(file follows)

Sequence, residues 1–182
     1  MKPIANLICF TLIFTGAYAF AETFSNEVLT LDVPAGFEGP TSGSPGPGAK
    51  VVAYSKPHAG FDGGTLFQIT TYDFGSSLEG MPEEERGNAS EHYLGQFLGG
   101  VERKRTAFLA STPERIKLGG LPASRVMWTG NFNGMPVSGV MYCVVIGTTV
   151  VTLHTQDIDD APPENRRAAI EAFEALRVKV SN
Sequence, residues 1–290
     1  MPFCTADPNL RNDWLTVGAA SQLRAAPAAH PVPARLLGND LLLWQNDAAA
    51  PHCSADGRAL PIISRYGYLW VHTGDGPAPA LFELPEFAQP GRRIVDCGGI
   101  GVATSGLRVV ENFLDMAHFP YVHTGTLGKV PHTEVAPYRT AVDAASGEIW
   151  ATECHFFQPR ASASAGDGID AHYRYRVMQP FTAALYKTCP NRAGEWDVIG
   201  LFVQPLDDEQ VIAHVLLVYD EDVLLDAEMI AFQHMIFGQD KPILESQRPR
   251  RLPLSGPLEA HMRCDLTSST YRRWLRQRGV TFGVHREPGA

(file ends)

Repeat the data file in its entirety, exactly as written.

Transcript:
Sequence, residues 1–182
     1  MKPIANLICF TLIFTGAYAF AETFSNEVLT LDVPAGFEGP TSGSPGPGAK
    51  VVAYSKPHAG FDGGTLFQIT TYDFGSSLEG MPEEERGNAS EHYLGQFLGG
   101  VERKRTAFLA STPERIKLGG LPASRVMWTG NFNGMPVSGV MYCVVIGTTV
   151  VTLHTQDIDD APPENRRAAI EAFEALRVKV SN
Sequence, residues 1–290
     1  MPFCTADPNL RNDWLTVGAA SQLRAAPAAH PVPARLLGND LLLWQNDAAA
    51  PHCSADGRAL PIISRYGYLW VHTGDGPAPA LFELPEFAQP GRRIVDCGGI
   101  GVATSGLRVV ENFLDMAHFP YVHTGTLGKV PHTEVAPYRT AVDAASGEIW
   151  ATECHFFQPR ASASAGDGID AHYRYRVMQP FTAALYKTCP NRAGEWDVIG
   201  LFVQPLDDEQ VIAHVLLVYD EDVLLDAEMI AFQHMIFGQD KPILESQRPR
   251  RLPLSGPLEA HMRCDLTSST YRRWLRQRGV TFGVHREPGA